My 3-year-old son started preschool today. Seeing his eyes light up at the sight of his new classroom filled with toys, books, dress-up clothes, and a sand table made me think back to my days of starting school. Even though I graduated years (YEARS!) ago, I still get an urge for learning when fall comes.
So it’s no accident that I signed up for my first online writing class with Christina Katz four Octobers ago. I was home with a 4-mo.-old baby and itching to connect with other adults and use my brain again. In Writing and Publishing the Short Stuff, I wrote the first draft of an essay that was eventually published in American Baby.
A great success, for sure, but this was no fluke. See, as a freelance writer for over a decade, I’ve made continuing education a regular part of my career. Yes, I consider freelancing a career. Not a hobby, not something to do while my kids are small. And because of that, I have absolutely no qualms about paying for writing classes. After all, when I worked for various employers, I attended conferences, workshops, and training sessions to keep up with my industry and learn new skills. Now that I’m self-employed, why should it be any different?
That said, as a student – and now instructor – of many writing classes over the years, I’ve learned some things about getting the most bang for your buck.
Do your homework. BEFORE you sign up for the class, I mean. Check out the instructor’s experience and credentials. Read testimonials from previous students. E-mail the instructor and ask him or her additional questions, if you have them.
But don’t do what I did: I once chose an instructor based solely on the fact that she worked for a prestigious publication. Big mistake. Not only did the class NOT give me an “in” at that publication, but the instructor was terrible. I said so in my evaluation, by the way, and that instructor did not teach that class again as far as I know.
Do your homework again. This time, I mean the assigned class work. I know, I know, you’re busy. You try. Things come up. But you absolutely get out of a class what you put into it. If the instructor asks you to research potential markets at the bookstore or library, don’t take shortcuts and do a Google search. You might miss out on a brand-new magazine that just hit the newsstand, or overhearing someone talking about a writing contest they’re entering.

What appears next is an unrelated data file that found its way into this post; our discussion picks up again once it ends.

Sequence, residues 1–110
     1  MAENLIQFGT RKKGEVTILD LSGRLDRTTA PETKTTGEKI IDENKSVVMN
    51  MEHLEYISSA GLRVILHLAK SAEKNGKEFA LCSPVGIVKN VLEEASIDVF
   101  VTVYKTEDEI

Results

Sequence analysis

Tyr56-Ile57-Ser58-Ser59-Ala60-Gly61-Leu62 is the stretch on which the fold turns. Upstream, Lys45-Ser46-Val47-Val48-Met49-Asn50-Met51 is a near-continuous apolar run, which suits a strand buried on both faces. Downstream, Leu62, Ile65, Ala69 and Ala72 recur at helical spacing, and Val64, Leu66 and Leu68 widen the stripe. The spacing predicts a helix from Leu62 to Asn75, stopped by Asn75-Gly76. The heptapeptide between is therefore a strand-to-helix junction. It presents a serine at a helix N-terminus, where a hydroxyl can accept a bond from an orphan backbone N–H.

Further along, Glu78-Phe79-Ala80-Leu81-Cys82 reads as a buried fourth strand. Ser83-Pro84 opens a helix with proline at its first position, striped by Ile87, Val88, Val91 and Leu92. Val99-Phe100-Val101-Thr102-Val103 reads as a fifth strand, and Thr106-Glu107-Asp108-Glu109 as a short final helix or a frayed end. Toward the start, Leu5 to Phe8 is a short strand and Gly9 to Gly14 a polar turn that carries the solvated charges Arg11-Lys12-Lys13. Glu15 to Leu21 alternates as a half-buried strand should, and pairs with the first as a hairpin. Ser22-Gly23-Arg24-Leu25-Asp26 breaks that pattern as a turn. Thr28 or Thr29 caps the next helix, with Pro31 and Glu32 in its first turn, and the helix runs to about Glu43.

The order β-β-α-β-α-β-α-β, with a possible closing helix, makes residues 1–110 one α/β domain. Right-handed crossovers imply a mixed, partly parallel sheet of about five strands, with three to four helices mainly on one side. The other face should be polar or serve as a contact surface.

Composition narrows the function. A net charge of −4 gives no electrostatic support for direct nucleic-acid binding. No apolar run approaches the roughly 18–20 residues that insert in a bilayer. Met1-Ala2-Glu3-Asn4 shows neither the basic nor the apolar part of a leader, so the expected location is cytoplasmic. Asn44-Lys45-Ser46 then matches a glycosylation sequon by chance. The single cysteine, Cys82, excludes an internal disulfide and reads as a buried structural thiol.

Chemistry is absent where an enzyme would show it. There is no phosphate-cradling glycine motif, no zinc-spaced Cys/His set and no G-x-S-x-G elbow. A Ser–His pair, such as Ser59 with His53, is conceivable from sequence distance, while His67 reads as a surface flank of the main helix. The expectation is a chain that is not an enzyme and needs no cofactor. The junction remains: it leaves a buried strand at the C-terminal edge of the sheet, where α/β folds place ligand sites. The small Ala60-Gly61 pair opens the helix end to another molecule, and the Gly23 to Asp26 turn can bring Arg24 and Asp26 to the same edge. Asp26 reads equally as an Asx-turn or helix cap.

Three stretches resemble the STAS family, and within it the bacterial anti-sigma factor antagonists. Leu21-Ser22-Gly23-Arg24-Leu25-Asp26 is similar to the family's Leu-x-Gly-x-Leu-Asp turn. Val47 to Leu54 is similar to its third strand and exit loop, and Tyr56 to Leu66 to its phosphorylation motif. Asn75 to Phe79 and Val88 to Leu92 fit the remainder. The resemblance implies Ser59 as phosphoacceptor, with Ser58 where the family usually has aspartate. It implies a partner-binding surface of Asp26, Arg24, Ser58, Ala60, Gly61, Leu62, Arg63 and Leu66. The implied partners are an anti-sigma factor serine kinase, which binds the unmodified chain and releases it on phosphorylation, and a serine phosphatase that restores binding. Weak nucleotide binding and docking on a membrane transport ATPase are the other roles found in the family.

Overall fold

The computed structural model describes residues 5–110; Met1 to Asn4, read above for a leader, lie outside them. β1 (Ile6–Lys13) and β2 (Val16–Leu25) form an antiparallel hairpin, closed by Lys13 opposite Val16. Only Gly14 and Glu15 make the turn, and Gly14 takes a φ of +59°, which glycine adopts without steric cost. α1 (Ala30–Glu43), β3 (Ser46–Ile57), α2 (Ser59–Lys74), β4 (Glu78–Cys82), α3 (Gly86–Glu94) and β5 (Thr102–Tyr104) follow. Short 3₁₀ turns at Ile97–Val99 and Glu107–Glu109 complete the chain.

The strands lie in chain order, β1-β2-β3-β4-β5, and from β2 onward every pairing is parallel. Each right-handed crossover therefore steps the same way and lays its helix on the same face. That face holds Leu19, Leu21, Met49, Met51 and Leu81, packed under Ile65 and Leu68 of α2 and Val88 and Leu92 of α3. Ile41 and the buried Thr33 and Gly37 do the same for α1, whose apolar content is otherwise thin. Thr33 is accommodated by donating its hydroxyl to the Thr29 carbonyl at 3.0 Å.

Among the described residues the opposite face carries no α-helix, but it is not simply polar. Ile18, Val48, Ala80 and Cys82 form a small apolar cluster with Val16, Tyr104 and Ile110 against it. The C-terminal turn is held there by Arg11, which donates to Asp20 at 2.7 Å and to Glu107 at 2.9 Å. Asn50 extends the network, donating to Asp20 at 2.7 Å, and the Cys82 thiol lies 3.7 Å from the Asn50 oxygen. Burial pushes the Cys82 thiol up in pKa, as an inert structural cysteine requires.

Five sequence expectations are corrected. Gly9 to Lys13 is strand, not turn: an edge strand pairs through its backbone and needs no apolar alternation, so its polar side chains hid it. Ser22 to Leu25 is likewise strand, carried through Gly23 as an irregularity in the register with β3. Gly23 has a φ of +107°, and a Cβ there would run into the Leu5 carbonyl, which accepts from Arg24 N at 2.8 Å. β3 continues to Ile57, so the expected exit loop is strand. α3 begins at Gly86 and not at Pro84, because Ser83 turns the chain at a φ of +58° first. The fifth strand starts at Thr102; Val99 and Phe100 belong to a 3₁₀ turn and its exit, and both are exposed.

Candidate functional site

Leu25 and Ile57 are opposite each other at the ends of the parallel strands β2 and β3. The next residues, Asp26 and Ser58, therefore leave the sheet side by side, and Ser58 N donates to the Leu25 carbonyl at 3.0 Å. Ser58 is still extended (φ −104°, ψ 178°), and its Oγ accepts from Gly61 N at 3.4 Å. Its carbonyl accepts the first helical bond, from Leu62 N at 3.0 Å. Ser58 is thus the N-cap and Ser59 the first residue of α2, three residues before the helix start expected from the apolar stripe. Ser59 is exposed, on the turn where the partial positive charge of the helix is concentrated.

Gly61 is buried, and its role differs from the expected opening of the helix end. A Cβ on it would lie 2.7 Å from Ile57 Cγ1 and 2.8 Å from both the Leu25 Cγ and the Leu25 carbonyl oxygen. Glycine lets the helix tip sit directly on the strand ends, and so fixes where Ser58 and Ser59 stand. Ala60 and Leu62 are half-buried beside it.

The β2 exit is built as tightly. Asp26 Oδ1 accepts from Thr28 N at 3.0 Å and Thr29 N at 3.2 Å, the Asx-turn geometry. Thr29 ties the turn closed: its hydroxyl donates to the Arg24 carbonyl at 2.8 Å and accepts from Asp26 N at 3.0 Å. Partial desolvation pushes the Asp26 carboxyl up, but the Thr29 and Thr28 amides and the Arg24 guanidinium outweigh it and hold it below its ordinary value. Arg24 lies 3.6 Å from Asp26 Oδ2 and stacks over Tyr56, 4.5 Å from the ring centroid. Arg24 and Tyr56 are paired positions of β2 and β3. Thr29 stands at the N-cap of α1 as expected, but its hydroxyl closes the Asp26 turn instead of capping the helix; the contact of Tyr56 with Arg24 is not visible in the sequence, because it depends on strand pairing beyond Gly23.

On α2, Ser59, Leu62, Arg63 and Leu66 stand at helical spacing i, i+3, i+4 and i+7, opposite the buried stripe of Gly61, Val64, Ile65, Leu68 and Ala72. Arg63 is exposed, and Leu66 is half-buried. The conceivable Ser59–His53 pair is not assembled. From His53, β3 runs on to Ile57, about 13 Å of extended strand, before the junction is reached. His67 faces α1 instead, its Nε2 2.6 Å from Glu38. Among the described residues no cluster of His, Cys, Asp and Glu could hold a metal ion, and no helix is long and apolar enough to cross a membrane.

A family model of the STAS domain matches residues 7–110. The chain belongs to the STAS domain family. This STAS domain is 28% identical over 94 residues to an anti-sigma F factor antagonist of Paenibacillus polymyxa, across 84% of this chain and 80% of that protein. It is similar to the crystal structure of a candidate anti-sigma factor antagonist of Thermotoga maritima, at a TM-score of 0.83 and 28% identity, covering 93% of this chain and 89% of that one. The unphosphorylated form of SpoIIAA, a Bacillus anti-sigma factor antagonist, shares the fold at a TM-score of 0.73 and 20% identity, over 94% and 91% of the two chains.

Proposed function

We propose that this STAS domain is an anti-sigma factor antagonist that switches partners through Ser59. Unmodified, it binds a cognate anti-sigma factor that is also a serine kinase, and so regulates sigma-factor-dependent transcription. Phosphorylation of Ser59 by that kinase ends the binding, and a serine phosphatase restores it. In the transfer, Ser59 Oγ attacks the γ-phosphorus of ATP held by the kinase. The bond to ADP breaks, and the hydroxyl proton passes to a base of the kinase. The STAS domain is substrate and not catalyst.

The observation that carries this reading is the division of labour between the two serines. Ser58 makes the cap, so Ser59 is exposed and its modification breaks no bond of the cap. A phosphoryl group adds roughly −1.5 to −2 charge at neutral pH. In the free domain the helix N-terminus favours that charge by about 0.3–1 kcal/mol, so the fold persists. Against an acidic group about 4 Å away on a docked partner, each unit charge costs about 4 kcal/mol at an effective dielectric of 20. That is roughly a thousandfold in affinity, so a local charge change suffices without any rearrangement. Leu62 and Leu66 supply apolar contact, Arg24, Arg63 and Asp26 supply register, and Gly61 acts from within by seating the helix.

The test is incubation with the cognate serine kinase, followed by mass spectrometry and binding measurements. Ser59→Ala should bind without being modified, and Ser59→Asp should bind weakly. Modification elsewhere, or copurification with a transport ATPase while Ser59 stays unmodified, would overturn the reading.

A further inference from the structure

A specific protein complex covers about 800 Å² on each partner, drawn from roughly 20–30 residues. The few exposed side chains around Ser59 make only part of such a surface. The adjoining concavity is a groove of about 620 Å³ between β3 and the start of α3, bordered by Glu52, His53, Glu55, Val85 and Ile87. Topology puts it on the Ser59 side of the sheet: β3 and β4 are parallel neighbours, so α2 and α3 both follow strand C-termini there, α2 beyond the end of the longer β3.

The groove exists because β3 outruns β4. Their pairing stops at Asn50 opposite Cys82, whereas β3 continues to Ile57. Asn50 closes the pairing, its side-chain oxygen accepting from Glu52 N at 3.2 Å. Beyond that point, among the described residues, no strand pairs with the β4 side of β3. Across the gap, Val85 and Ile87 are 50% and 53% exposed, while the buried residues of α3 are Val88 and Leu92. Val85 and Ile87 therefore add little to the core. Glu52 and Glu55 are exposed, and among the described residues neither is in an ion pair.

Be a pest. OK, not really. But when you pay for a class, you’re paying not only for the lessons but for the instructor’s expertise as well. So ask those questions you’ve been wondering about. If your instructor is willing, they might even let you send in an extra cover letter or article to be critiqued. (I sometimes do for extra-motivated students.) You’ll never know unless you ask.
Build on your momentum. After a class is over, most students are raring to go. Take advantage of that boost of enthusiasm – revise your critiqued work. Send out those queries/articles/essays right away. Sign up for the next class. Ask your fellow classmates if anyone wants to be your writing buddy.
I can honestly say that every time I’ve taken an online writing class I have more than made back the cost of it. That is 100% true. If it’s not from selling a piece I wrote in class, it’s through a connection I made with an instructor or fellow classmate, or by finding out about a new market or contest. Being a frugal and practical person, I think there’s an element of “I paid good money for this class, I better make sure it pays off!”
And it has, every time. Give yourself permission to invest in your career. I bet you’ll find, like me that it pays off in ways you never dreamed of.
Abigail Green has published more than 150 articles and essays in regional and national publications including American Baby, Baltimore Magazine, Bride’s, Cooking Light, and Health. Her work also appears in A Cup of Comfort for New Mothers. (Adams Media, 2009). Abby holds a B.A. from Vassar College and an M.A. in publishing from the University of Baltimore. She writes the “Crib Notes” column for The Writer Mama e-zine and the “Understanding Personal Essays” column for Writers on the Rise. She teaches the 6-week e-course “Personal Essays That Get Published,” the next session of which starts Oct. 7. A mother of two boys, she blogs about parenting, publishing and more at http://diaryofanewmom.blogspot.com.